How Does Compound Interest Work?


You’d think that to accumulate a lot of money, whether in a savings account, retirement savings plan, or brokerage account, you’d need to consistently put a lot of money away. But if you save and invest your money wisely over a long period, you could wind up pleasantly surprised at the level of wealth you achieve.

If the idea of watching your money grow before your eyes sounds appealing, it pays to take advantage of the power of compound interest and returns.

Here we’ll review what compounded growth entails and show you how a series of relatively modest contributions to a savings or investment account can evolve into a substantial sum over time.

How does compound interest work?

At its core, compounding is the concept of earning interest on interest.

Imagine you put an initial deposit of $1,000 into a savings account that pays 2% interest. That means after a year, your balance will grow to $1,020 without adding any more money.

Now here’s the cool part: If you keep that money where it is, you’ll continue earning interest on not just the initial $1,000 you put in, but also on that $20. Assuming your interest rate stays the same, you’ll earn $20.40 in interest in your second year of having that money in that account, for a balance of $1,040.40.

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After 40 years in that account, earning the same interest, your $1,000 will grow to $2,208.04 — more than double your initial savings, with no extra investment or work.

Generally, you don’t just sock away a lump sum of money and come back to it in 40 years. In reality, most people save or invest some each week or month. So your savings grows with your principal — the money you put in — plus the interest that continues to compound as the initial balance grows with both principal and interest.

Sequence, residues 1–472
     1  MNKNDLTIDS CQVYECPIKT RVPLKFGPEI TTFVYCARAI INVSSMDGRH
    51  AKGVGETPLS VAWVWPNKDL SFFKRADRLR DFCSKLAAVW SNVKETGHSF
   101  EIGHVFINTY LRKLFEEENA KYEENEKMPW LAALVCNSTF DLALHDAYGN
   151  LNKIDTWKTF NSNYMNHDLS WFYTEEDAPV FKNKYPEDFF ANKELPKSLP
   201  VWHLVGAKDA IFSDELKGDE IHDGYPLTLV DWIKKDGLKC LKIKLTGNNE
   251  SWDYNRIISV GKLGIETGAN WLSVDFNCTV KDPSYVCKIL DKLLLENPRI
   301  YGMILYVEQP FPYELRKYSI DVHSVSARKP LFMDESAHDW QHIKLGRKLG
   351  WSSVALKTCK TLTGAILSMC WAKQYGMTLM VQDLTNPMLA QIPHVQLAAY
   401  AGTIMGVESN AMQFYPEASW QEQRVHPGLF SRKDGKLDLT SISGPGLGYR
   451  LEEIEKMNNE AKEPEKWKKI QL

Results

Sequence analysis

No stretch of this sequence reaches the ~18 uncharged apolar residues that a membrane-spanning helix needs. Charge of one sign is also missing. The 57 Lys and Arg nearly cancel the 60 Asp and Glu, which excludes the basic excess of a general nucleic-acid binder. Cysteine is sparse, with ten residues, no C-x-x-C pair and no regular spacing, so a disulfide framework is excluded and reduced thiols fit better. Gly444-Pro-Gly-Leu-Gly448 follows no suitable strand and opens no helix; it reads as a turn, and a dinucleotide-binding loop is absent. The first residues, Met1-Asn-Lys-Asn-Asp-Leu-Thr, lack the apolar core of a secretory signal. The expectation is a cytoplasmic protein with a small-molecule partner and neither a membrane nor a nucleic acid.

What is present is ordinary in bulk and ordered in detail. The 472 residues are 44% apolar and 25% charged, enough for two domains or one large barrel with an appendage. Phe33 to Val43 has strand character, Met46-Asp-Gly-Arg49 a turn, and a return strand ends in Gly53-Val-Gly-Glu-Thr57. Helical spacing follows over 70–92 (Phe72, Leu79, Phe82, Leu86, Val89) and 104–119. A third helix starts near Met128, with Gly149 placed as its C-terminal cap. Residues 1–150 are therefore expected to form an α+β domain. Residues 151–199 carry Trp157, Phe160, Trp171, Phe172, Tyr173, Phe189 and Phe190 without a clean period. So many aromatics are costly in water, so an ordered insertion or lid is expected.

What are the benefits of compound interest?

The upside of compounding? It can grow your money. Interest means you earn money without needing to do any extra work. Then, the money you earned continues earning even more — that’s compounding. Your money continues to grow, whether you continue to add to it or not.

The downside: If you’re being charged compound interest — say, for a credit card balance — your debt can grow just as easily.

How does compound interest work in the stock market?

Imagine you’re looking to invest your money for a long-term goal, like retirement, and you put $100 a month into a brokerage account or IRA instead of a bank account. A high-yield savings account might pay just 2% interest.

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By contrast, investing in the stock market has historically delivered a 10% average yearly return — though a return in any given year fluctuates quite a bit. To be conservative, we’ll use a 7% return for our calculations.

The following table shows how much money you could wind up with, depending on how many years you continue to save:

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